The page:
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indirect

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indirect


  4  definitions  found 
 
  From  Webster's  Revised  Unabridged  Dictionary  (1913)  [web1913]: 
 
  Indirect  \In`di*rect"\,  a.  [Pref.  in-  not  +  direct:  cf  F. 
  indirect.] 
  1.  Not  direct;  not  straight  or  rectilinear;  deviating  from  a 
  direct  line  or  course;  circuitous;  as  an  indirect  road. 
 
  2.  Not  tending  to  an  aim  purpose,  or  result  by  the  plainest 
  course,  or  by  obvious  means  but  obliquely  or 
  consequentially;  by  remote  means  as  an  indirect 
  accusation,  attack,  answer,  or  proposal. 
 
  By  what  bypaths  and  indirect,  crooked  ways  I  met 
  this  crown.  --Shak.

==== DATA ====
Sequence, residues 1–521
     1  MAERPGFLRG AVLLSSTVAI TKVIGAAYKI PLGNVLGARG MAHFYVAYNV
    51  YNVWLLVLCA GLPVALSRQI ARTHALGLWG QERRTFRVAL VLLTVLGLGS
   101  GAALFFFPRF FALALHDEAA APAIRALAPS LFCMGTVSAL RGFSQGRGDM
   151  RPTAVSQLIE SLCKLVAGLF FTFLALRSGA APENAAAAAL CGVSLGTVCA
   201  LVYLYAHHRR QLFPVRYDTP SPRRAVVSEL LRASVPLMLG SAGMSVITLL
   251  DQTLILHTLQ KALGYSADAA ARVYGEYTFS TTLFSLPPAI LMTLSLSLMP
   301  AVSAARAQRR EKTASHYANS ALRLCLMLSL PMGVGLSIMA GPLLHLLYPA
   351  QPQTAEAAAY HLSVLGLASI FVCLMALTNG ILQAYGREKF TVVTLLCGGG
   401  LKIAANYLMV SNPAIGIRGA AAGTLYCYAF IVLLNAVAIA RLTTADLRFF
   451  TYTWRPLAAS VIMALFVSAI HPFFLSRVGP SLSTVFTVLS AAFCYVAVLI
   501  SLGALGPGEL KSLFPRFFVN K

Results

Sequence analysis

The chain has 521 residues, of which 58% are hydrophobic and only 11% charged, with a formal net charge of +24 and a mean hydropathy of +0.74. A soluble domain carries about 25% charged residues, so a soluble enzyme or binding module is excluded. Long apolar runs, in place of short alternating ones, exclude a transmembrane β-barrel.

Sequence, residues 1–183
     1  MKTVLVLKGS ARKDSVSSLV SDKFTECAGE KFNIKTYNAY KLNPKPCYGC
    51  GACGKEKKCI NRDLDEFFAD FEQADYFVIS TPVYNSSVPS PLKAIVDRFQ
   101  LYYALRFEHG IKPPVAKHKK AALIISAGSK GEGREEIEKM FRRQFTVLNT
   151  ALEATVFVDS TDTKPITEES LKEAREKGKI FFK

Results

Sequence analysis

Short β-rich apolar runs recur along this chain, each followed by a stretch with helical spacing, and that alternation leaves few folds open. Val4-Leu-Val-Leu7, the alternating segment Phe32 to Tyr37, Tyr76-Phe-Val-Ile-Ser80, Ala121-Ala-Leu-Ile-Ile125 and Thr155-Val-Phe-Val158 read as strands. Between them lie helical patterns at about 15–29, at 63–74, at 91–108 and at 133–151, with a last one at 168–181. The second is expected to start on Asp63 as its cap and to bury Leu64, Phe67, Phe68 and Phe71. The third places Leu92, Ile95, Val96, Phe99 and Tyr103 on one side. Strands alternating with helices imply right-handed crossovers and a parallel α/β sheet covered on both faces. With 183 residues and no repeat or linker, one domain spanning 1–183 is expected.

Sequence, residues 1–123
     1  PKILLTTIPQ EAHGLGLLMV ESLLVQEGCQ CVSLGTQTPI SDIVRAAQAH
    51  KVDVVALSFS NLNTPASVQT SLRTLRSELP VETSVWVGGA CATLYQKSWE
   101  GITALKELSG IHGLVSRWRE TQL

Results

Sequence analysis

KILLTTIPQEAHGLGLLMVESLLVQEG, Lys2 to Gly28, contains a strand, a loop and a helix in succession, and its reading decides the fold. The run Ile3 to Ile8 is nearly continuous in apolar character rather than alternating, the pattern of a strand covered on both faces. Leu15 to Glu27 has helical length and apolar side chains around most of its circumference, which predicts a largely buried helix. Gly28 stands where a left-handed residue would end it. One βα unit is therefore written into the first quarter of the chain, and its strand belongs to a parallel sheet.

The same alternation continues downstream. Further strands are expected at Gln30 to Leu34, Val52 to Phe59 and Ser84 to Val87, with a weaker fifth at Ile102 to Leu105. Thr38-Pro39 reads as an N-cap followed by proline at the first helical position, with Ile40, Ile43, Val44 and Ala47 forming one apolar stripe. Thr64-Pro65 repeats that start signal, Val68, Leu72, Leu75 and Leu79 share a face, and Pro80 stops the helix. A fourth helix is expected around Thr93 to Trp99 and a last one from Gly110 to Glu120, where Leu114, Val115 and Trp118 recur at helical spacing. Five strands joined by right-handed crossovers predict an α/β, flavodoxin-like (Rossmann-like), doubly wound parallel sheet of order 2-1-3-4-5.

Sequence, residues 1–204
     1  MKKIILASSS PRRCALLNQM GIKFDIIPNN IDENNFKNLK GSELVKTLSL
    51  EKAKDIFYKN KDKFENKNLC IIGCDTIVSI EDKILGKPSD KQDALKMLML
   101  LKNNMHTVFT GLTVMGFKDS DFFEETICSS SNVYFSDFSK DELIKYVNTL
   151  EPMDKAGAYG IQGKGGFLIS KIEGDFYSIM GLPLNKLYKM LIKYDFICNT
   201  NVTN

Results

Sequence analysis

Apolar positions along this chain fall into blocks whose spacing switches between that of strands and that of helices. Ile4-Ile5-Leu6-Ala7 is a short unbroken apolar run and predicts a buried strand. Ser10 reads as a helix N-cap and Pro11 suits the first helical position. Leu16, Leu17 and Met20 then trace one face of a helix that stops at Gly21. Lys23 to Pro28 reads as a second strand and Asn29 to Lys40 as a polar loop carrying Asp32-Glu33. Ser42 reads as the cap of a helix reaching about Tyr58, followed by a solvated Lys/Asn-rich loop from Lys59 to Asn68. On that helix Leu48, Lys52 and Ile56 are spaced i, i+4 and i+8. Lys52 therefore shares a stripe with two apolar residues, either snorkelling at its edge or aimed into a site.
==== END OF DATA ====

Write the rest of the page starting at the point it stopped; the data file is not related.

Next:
3.  Not  straightforward  or  upright;  unfair;  dishonest;  tending 
  to  mislead  or  deceive. 
 
  Indirect  dealing  will  be  discovered  one  time  or 
  other  --Tillotson. 
 
  4.  Not  resulting  directly  from  an  act  or  cause  but  more  or 
  less  remotely  connected  with  or  growing  out  of  it  as 
  indirect  results,  damages,  or  claims. 
 
  5.  (Logic  &  Math.)  Not  reaching  the  end  aimed  at  by  the  most 
  plain  and  direct  method;  as  an  indirect  proof, 
  demonstration,  etc 
 
  {Indirect  claims},  claims  for  remote  or  consequential  damage. 
  Such  claims  were  presented  to  and  thrown  out  by  the 
  commissioners  who  arbitrated  the  damage  inflicted  on  the 
  United  States  by  the  Confederate  States  cruisers  built  and 
  supplied  by  Great  Britain. 
 
  {Indirect  demonstration},  a  mode  of  demonstration  in  which 
  proof  is  given  by  showing  that  any  other  supposition